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Friday, February 24, 2017

Growing pains ahead for Axiata shareholders

Author: Tan KW | Publish date: Fri, 24 Feb 2017, 12:06 PM
By Chester Tay / The Edge Financial Daily | February 24, 2017 : 9:03 AM MYT

This article first appeared in The Edge Financial Daily, on February 24, 2017.

KUALA LUMPUR: Axiata Group Bhd, which brought down its dividend payout ratio (DPR) to 50% for the year ended Dec 31, 2016 (FY16), sent a heads-up to shareholders yesterday that the lower dividend policy will be upheld in FY17.

“I would like to stress this is a short-term decision, we should be back to the FY15 level at least within the next two years,” said president and group chief executive officer Tan Sri Jamaludin Ibrahim, adding that the decision was aimed at conserving capital for further growth in the future.

Axiata yesterday announced a DPR of 50%, or eight sen dividend per share, for FY16, from 85% or 20 sen for FY15. It was the lowest DPR for the group since FY10, when it declared 30% DPR or 10 sen payout per share.

“We have not announced anything for FY17,” Jamaludin told a press conference. “All we are saying is that we are looking at a more conservative dividend for FY16 and FY17, so we are giving heads-up to our investors that FY17’s [dividend] might be also quite conservative.”

Describing it as a kind of a “capital deployment strategy”, Jamaludin said the lower DPR will help Axiata prepare for a capital expenditure (capex) of RM6.6 billion in FY17. The capex in FY16 was RM6.1 billion.

“We still see volatility in forex (foreign exchange) that could hit us. All capex are done in US dollars except in Malaysia, and we do foresee a lot of spectrum auctions or renewals over the next two years,” he said.

This, Jamaludin said, would alleviate Axiata’s requirement for more borrowings, particularly those denominated in US dollar.

“Our debt is at a level where we are comfortable with; our balance sheet is quite good; too low of debt is lazy balance sheet, too big and we are exposed. However, to fund the capex and potential in-country consolidation, we decided not to increase so much of our debt, but to use our own money,” he explained.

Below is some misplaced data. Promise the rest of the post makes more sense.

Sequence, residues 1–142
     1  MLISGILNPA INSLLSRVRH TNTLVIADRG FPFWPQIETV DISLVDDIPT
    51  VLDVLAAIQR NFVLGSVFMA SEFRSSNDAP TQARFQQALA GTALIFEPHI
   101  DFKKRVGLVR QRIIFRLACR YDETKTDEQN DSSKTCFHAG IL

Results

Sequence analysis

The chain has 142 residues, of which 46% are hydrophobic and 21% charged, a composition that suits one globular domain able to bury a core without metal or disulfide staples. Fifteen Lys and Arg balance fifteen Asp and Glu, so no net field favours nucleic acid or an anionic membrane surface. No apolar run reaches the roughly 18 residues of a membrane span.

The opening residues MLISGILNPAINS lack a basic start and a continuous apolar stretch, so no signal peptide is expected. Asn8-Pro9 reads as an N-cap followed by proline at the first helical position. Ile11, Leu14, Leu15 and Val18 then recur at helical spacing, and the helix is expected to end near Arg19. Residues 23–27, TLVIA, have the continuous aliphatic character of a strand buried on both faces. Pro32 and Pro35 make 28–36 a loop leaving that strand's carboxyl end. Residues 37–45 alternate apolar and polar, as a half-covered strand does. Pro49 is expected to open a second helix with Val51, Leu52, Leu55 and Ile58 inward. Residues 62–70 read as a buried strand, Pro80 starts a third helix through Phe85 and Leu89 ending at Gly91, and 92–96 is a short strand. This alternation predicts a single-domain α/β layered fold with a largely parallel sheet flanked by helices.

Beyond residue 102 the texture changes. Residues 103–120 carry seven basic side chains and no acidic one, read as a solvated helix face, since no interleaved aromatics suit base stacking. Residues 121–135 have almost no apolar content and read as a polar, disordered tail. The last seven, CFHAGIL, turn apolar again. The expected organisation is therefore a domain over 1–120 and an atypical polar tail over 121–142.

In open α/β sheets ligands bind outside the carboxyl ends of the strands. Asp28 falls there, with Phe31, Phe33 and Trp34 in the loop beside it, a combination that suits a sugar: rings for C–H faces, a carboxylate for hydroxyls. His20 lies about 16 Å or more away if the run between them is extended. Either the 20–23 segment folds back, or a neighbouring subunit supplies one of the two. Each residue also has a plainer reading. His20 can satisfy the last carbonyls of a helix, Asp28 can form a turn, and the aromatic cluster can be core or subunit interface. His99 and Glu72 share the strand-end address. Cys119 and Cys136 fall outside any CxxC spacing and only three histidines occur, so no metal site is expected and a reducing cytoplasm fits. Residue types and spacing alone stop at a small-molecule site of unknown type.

Axiata’s acting group chief financial officer Yap Wai Yip said that as at Dec 31, 2016, the group’s US dollar-denominated loans amounted to more than US$2 billion (RM8.9 billion), of which US$1.1 billion remained unhedged.

“We want to pare down these debts, so we are bringing back our overseas dividends. If we go all out, we hope we could bring them down to US$200 million this year,” he said.

Axiata reported a net loss of RM309.5 million for its fourth quarter ended Dec 31, 2016 (4QFY16) versus a net profit of RM467.24 million for 4QFY15, due mainly to a significant increase in forex loss, lower contribution from 20%-owned Idea Cellular Ltd in India and weaker performance of Celcom. Revenue grew 8% to RM5.79 billion from RM5.36 billion.

For FY16 as a whole, Axiata’s net profit plunged 80.25% to RM504.25 million from RM2.55 billion a year earlier, while revenue grew 8.46% to RM21.57 billion from RM19.88 billion.

Celcom Axiata Bhd and 66.4%-owned PT XL Axiata Tbk in Indonesia contributed about 30% each of Axiata’s FY16 revenue.

For FY17, Jamaludin said Axiata is aiming for up to 11% growth in revenue and up to 9% growth in earnings before interest, taxes, depreciation and amortisation.

Axiata’s share price began to trend downwards even before the quarterly result announcement yesterday, and the counter settled 27 sen or 5.62% lower at RM4.53 at the close of trading, giving the group a market capitalisation of RM41.63 billion.

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